World War Kaiju Interview!
Author Sauron
Sunday - July 14, 2013 7:56 pm
World War Kaiju Interview!
It was my pleasure to get a chance to interview two of the creative team behind the upcoming graphic novel: World War Kaiju!


I hope you all enjoy this interview, and seriously consider donating to their kickstarter campaign.  They are very close to getting the funding needed to make this happen.  With the help of Kaijuphile's faithful members, we could help push this project over the funding goal!


Without further delay, I'd like to introduce two of the creative forces behind the project: Josh Finney (author and artist) and Patrick McEvoy (artist)...

How did the ideas for World War Kaiju come about?


JOSH: The initial concept took shape sometime after completing book two of my Titanium Rain series. A futuristic war story, that book had taken me to some dark places. Frankly, I needed a break. So I went on a classic kaiju film binge! While immersing myself in all things kaiju I began to see recurring symbols—the most obvious being the monsters as analogs for international tensions. Sure, its common knowledge that Godzilla was a metaphor for the bomb, but seeing these films again as an adult I became acutely aware of just how much kaiju cinema was born out of the nuclear fears of the mid-twentieth century.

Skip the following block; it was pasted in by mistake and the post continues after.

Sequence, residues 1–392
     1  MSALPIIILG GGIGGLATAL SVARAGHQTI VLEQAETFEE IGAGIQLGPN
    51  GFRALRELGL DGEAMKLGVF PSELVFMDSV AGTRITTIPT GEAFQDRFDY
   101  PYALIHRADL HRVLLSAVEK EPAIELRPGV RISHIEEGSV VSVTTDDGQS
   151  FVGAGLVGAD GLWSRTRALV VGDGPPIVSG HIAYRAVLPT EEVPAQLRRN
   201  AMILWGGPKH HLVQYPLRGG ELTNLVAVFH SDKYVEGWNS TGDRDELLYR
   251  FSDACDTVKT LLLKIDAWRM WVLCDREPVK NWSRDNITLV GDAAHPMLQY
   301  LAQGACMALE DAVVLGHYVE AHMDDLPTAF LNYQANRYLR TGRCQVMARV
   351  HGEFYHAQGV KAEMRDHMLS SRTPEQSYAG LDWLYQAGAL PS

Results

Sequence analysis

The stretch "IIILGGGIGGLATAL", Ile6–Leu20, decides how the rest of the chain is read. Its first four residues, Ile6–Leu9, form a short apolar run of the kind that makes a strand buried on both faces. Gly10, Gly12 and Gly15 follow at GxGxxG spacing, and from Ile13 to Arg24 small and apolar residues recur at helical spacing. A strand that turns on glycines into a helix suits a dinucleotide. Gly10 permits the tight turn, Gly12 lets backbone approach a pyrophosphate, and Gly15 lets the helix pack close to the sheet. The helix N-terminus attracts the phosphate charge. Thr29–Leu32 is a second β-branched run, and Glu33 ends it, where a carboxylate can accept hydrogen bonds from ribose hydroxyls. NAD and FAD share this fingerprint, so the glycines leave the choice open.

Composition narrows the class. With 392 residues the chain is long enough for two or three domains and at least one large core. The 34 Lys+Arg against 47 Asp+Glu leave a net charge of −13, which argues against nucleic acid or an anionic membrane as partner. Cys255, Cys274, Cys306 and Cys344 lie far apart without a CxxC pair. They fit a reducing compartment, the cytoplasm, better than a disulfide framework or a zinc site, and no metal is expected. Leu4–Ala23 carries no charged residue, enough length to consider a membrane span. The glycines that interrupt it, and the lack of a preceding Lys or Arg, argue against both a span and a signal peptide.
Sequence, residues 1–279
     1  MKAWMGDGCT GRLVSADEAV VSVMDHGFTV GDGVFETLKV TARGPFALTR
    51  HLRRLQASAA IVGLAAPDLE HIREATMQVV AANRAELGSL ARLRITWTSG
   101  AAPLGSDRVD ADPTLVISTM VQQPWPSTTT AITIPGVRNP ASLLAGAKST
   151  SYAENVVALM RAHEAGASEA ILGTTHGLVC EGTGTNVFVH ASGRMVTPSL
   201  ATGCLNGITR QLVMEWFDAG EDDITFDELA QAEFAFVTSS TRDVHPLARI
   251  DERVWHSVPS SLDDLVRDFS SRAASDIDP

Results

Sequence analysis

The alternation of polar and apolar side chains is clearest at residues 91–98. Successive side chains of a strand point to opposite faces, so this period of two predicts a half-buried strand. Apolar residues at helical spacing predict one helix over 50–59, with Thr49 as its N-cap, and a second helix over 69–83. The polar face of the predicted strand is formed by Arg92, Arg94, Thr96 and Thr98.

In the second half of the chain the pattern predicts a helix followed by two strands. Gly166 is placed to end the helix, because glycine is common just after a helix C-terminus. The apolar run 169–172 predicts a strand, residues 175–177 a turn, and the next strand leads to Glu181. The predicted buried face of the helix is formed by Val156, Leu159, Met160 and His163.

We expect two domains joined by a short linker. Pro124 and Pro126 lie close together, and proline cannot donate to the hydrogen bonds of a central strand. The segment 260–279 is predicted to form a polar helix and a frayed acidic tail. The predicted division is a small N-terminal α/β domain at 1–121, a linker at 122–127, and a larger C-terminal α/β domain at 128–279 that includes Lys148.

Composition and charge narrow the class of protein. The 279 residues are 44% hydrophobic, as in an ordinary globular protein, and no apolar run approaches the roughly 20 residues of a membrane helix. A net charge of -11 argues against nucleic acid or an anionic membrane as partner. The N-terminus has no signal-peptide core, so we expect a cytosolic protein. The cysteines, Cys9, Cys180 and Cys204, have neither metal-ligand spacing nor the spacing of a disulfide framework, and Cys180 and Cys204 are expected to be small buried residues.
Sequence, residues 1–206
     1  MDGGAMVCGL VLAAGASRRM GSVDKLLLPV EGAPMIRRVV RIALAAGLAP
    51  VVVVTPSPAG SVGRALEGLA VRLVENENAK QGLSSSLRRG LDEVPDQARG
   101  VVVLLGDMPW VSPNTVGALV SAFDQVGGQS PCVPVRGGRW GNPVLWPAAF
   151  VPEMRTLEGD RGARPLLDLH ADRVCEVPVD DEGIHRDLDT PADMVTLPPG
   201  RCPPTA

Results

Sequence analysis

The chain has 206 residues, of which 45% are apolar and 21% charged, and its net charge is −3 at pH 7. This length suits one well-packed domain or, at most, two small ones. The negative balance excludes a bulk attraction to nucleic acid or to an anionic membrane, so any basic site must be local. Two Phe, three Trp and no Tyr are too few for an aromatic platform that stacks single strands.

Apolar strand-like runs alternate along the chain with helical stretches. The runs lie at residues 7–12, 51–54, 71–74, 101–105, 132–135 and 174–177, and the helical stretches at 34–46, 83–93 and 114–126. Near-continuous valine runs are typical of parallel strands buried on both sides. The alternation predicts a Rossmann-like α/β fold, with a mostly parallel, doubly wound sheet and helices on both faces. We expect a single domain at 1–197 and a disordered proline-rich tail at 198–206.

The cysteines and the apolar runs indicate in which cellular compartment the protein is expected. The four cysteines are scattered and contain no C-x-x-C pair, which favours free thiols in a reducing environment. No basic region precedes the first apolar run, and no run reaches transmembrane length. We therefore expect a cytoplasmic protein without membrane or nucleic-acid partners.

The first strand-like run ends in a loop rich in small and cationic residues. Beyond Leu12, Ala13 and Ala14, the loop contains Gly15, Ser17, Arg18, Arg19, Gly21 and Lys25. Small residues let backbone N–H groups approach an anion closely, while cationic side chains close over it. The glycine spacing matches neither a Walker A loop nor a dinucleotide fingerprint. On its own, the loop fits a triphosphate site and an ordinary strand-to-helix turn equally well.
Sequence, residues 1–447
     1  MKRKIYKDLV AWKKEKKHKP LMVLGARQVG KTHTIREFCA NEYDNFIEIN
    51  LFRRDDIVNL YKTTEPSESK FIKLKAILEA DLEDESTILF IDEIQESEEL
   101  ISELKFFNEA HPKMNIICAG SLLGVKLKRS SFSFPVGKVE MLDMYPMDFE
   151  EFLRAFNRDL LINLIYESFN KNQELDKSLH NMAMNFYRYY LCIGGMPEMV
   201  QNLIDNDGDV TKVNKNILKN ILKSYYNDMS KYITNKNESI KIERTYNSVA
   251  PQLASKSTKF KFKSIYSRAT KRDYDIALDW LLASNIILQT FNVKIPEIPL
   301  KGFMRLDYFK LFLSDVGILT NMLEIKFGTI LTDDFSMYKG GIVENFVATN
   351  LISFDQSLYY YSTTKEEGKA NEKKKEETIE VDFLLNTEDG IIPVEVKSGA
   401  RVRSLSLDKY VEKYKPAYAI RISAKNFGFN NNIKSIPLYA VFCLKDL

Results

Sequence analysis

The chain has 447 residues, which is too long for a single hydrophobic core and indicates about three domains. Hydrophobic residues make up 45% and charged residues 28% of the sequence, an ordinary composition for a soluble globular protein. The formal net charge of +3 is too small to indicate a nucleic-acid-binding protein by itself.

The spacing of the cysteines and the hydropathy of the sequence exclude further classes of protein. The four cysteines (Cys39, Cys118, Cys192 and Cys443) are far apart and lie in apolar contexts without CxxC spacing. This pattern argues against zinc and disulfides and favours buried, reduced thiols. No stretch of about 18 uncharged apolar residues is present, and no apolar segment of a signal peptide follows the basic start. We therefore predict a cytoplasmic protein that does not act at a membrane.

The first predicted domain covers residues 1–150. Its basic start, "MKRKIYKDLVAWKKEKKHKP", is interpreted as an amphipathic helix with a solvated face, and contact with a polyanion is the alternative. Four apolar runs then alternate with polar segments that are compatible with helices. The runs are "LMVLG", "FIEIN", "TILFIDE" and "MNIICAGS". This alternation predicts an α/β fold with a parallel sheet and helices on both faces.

So how can there be a war of the kaiju? In terms of our graphic novel, it all comes down to one basic premise: In World War Kaiju the atom bomb was never created. When the atom was split at the Trinity Test Site in New Mexico, what crawled out of the smoking crater was a towering beast of pure destruction. Codenamed Fatman, the Second World War came to an abrupt end when the U.S. unleashed this beast on Tokyo. This marked the dawn of the Kaiju Age.

Fast forward to five years later and every major world power is caught in the grips of the Cold War. But unlike the Cold War that plagued our history, the unrelenting arms race of World War Kaiju isn’t about atomic bombs. It’s all about atomic monsters—who has them, who doesn’t, and who is willing to use them. It doesn’t go well.

What inspired you to become an artist?